3. NFC wristbands. They were on the table for a while, and had a lot going for them: they’re small, snazzy and can be branded. There was one drawback though. If we were to store information on them and let users scan each others bands, we were essentially throwing away the entire iOS user base – even if available on newer iPhones, developers cannot access NFC, it is only used for Apple Pay. If we were to create scanning stations, wristbands turned out to require some precision work: matching the small chip with a scanner isn’t as easy as it seems. They would also be expensive and might make some people feel uncomfortable (“Do I have to shower with it? This isn’t a festival!”). NFC was tossed out.

The solution

The final solution is a blend of numbers 1 and 3. We opted to use RFID, which is cheaper than NFC, and to put it in our attendees badges. A badge is something you can easily take off, you have to wear it anyway and cards have a much larger antenna, which makes them a lot easier to use with scanners. Now all we needed was scanning stations…


We built an app for Android tablets with RFID scanners attached. This gave us all the technology advantages, but didn’t draw users into their individual smartphones. Instead, the scanning stations were meeting points for attendees, attracting not only the users themselves but also onlookers.

RFID scanners work like an external keyboard and pull an ID number from the RFID card. Everything else happens on our side: the app matches users to our database and let’s them perform a variety of interactions. The requirements mostly concerned safety and security: putting a bunch of tablets unattended inside a conference for developers is asking for trouble. The stations are made in two heights from painted steel and come with a detaching case for the tablet. This way, they serve three contexts: a low voting station, tall photo stations and tabletop stations for sponsors.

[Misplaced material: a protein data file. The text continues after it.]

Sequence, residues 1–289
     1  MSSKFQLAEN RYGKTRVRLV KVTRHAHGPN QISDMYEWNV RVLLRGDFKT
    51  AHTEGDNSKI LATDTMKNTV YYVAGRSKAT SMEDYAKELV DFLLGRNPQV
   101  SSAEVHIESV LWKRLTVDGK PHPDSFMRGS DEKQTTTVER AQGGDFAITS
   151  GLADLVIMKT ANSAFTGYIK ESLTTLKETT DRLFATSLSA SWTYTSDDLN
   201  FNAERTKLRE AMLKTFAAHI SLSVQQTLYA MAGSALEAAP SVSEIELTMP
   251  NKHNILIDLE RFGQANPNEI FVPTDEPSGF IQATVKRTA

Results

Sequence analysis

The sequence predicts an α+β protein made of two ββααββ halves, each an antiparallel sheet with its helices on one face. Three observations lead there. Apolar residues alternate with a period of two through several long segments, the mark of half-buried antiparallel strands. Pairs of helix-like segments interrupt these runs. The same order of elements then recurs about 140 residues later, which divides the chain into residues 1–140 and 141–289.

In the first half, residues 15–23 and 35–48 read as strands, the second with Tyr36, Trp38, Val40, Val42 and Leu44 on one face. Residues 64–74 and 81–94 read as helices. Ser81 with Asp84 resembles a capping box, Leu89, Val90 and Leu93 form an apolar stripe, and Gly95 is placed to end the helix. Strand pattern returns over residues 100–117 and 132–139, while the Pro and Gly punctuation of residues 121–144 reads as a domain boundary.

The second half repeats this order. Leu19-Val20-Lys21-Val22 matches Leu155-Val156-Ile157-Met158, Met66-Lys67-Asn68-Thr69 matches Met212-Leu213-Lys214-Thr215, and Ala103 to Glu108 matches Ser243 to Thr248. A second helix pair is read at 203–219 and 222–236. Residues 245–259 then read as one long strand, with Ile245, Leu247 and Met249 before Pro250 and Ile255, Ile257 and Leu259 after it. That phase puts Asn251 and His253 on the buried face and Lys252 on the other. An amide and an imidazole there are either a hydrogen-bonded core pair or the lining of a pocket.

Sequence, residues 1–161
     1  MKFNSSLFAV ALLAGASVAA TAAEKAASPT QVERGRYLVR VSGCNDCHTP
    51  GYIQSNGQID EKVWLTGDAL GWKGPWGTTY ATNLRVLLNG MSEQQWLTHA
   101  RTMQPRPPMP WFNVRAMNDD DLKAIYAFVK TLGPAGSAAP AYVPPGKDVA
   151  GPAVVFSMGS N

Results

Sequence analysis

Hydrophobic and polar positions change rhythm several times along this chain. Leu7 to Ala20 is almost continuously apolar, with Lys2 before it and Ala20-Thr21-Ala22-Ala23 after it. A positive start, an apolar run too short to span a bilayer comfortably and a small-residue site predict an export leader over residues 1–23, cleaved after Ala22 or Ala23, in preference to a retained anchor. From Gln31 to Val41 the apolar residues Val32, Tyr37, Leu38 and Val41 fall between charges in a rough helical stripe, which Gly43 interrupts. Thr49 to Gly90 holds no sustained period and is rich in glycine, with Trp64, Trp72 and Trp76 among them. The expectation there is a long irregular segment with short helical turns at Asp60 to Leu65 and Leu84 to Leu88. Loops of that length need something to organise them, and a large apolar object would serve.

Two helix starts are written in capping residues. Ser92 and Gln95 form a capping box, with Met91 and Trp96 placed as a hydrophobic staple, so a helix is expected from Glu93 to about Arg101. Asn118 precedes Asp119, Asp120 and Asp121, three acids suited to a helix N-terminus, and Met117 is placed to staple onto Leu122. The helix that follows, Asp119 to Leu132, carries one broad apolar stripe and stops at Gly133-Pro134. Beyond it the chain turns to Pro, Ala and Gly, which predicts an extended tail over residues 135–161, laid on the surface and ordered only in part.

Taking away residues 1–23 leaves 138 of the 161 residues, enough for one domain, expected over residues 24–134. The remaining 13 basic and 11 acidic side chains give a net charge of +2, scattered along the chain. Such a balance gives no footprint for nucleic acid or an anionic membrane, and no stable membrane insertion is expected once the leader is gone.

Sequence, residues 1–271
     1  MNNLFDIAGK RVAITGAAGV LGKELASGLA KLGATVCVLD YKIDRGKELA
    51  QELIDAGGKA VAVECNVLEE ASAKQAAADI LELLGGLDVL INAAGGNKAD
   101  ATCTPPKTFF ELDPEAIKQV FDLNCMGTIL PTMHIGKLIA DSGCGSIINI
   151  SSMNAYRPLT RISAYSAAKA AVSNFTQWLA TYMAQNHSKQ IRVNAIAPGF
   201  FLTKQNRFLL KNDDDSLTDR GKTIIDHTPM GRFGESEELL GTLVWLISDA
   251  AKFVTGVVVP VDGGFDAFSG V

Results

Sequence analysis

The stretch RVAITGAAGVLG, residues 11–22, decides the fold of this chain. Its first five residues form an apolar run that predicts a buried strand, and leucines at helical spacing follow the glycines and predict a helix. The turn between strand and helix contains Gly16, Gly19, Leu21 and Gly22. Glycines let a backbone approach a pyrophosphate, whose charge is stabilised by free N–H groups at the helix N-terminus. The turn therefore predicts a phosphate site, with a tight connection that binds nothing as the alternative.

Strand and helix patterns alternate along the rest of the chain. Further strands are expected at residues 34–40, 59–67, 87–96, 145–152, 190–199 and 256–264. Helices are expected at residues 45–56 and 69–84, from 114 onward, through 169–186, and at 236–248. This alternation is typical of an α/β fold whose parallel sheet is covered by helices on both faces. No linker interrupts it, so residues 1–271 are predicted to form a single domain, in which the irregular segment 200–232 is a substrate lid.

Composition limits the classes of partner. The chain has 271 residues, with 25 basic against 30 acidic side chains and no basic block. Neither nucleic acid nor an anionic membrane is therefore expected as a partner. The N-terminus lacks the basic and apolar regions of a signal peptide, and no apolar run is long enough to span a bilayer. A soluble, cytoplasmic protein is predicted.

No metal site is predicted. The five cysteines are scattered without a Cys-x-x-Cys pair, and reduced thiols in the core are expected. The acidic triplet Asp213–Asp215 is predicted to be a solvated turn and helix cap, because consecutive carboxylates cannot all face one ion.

After two attendees connect, we cross-email them with their respective details. Users decide what to share by filling out their social profiles, where they choose social networks to connect. They can also choose to take a picture during the exchange – that way they can easily match all those names to faces.


The numbers

MCE 2015 was a fantastic testing ground for Polidea Connect. Looking at the usage statistics, we were quite happy with the results:

Out of all attendees, 86% were active on the system, and over 90% of those used it more than once.

There were a total of 464 contact exchanges between 227 distinct users, with 50 people exchanging details with more than 5 other people – if you’re bad with faces or names, that’s already a big number to remember.


When it comes to rating talks, the statistics were even more positive. 91% of users rated at least one talk, with the average at just below five – meaning the average user rated almost half the talks they attended. It also means an average of 50 ratings per talk – that’s an amount of instant feedback that you can’t achieve with surveys.

Direct review process for a conference speaker. #mceconf— Wiebe Elsinga (@welsinga) February 6, 2015

The next steps are pretty clear to us: we want to improve the email communication and instead of cross-messaging create one thread with both users – almost like a real-life introduction. That way you not only receive all the details, but can already carry on the conversation straight from there. Additionally, we want to make some usability improvements to the voting stations by merging them onto one stand to reduce clutter. We are currently in talks with events who would like to use the system next. The future is bright (and connected)! If you would like to collaborate with us on Polidea Connect, or use it at your event, contact us at

Magda Zadara

UI Designer